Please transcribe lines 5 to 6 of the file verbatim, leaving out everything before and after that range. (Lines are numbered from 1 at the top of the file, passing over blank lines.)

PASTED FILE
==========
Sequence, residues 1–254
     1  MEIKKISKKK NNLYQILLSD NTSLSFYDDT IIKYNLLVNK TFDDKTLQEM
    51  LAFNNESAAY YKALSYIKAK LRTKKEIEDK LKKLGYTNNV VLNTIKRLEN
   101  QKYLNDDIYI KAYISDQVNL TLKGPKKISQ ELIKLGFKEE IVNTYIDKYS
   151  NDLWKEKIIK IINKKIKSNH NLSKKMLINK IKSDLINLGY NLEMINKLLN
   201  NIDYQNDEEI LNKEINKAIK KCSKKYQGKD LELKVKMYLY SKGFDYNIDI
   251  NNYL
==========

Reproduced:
   151  NDLWKEKIIK IINKKIKSNH NLSKKMLINK IKSDLINLGY NLEMINKLLN
   201  NIDYQNDEEI LNKEINKAIK KCSKKYQGKD LELKVKMYLY SKGFDYNIDI